Enabling Collaboration With The Contact Center - InformationWeek
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Melanie Turek
Melanie Turek

Enabling Collaboration With The Contact Center

One area in which Nemertes see enormous value for real-time applications is in the contact center. Many IT executives say their contact-center agents are already using real-time communications. Although 43% of participants' companies don't have a contact center, among those that do, nearly half report the use of real-time communications within them.

Although some companies are enabling Web chat between agents and customers, more are deploying IM use among agents and experts as a back-channel communications tool, to quickly distribute information and answer questions in real-time, which avoids keeping customers on hold or transferring them to other parties, and helps agents resolve issues more quickly and effectively.
Other companies say they are interested in leveraging the use of IM in the contact center to essentially extend their expert network into the enterprise itself—that is, they'd like to use IM to let agents reach out to experts in the company as a whole (rather than experts specifically tasked with supporting the contact center) and get information directly from them. The idea is, if I can get my answer from the person who, say, developed the product, why not do so?

Of course, contact centers have been using presence information for years via their automatic call distributor (ACD) systems, which route incoming phone calls to the most appropriate, available agent. These applications track agents’ skills and expertise, monitor their presence (whether they’re on a call, on a break, out of the office or available for instance) and then route incoming calls accordingly.

This use of presence and data analysis is limited to two-person phone calls and does not tap other forms of presence information (such as the online presence that drives IM), but its value is clear. Enterprises can leverage it in two ways: Use it as a model for deploying presence throughout the enterprise, so that knowledge workers and others can access experts within the organization (essentially “routing” their questions to them). And build on it within the contact center, so that agents are also able to see one another’s presence and then reach out to available help via chat or telephone, depending on the recipient’s status.

Traditional contact center vendors and telephony vendors with robust contact center applications are evaluating the use of presence in the contact center—but the telephony vendors have a leg up in this race. They’re already embedding and leveraging presence in their enterprise-class soft phones and real-time communications dashboards; and they are already evaluating how to leverage that presence in their contact center applications. Many pure-play contact center vendors aren’t focusing on this area today, although several have told us they have plans to do so over the next 12-24 months. Many enterprises that want to use IM to support their own agents are doing so with whatever IM client or service they use enterprise-wide—often a public IM service such as AOL AIM or Yahoo Messenger.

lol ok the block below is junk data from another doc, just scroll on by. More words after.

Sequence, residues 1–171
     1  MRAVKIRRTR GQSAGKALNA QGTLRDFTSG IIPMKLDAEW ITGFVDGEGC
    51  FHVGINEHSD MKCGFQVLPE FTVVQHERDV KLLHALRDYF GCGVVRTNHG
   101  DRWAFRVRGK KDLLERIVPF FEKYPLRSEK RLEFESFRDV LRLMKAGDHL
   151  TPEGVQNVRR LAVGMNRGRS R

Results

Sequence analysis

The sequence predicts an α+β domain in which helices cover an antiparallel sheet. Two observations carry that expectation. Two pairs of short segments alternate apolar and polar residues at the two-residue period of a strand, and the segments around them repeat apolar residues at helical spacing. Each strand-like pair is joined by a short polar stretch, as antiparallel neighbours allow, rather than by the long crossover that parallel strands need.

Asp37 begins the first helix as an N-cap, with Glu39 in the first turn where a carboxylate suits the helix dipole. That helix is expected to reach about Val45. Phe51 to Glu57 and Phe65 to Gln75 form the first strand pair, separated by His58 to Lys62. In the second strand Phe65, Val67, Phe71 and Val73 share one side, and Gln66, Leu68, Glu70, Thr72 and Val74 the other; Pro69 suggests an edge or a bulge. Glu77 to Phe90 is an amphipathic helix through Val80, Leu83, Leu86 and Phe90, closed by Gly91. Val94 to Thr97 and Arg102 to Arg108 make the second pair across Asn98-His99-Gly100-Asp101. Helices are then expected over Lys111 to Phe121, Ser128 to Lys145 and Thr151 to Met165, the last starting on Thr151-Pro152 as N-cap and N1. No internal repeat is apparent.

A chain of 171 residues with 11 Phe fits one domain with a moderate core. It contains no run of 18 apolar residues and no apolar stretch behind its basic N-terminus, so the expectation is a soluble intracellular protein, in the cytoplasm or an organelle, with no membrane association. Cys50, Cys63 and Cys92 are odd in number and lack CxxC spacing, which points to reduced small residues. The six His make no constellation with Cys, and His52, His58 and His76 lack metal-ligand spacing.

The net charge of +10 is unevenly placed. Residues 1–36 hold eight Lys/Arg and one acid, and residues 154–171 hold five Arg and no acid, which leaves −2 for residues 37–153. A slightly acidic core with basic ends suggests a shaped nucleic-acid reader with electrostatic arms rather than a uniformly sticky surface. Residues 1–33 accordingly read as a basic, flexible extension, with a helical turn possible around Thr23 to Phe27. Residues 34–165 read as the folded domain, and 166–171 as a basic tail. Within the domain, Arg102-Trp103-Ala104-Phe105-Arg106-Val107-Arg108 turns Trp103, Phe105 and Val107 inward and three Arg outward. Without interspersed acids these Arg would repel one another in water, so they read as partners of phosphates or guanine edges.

But they don’t have to, thanks to new applications. Take Nortel’s Expert Anywhere contact center solution, which leverages the vendor’s real-time communications—most notably, its MCS 5100 real-time communications dashboard application—to help contact center agents find experts and information right when they need them. By showing the online and telephony presence of “experts” in the center, the system allows agents to reach out to the right people to get information, even as they’re on the phone with a customer. As soon as the agent answers a call and sees help is needed, he can contact an expert via phone, IM or e-mail—or even share his screen or conference the expert into the call itself. The whole thing is enabled by Nortel’s SIP Contact Center and Converged Agent Desktop.

What’s more, the application also lets companies extend the contact center into the enterprise—and beyond. So, for instance, a home-improvement store could use the technology to bring its store employees into the contact center fold: A call comes into the contact center, and the agent who answers it looks at a list of on-floor store employees around the country to see who is available to answer product questions. Since each employee is carrying a PDA loaded with the same contact center software as the agent, he or she can set availability status on the fly; if he’s stocking shelves, he may be available, but if he’s working with a customer in the store, he’s not. The agent then contacts an available employee, who can literally look at the product in question to get answers, or help with how-to or other advice—all from anywhere, all outside the contact center itself.

Similarly, the presence and collaboration tools in Siemens’ newly announced HiPath ProCenter Enterprise 7.0 include Team List and Team Bar features that let agents see the real-time, telephony and online availability of peers, experts and general employees. They can then click to chat, transfer calls, or conference in another agent.

One caveat: Companies can’t afford to turn all their knowledge workers into on-call contact-center experts; those workers still have day jobs, after all. So it’s critical to develop a clear, coherent process for letting contact-center agents access and engage enterprise employees. But do that, and the customer service potential is enormous.

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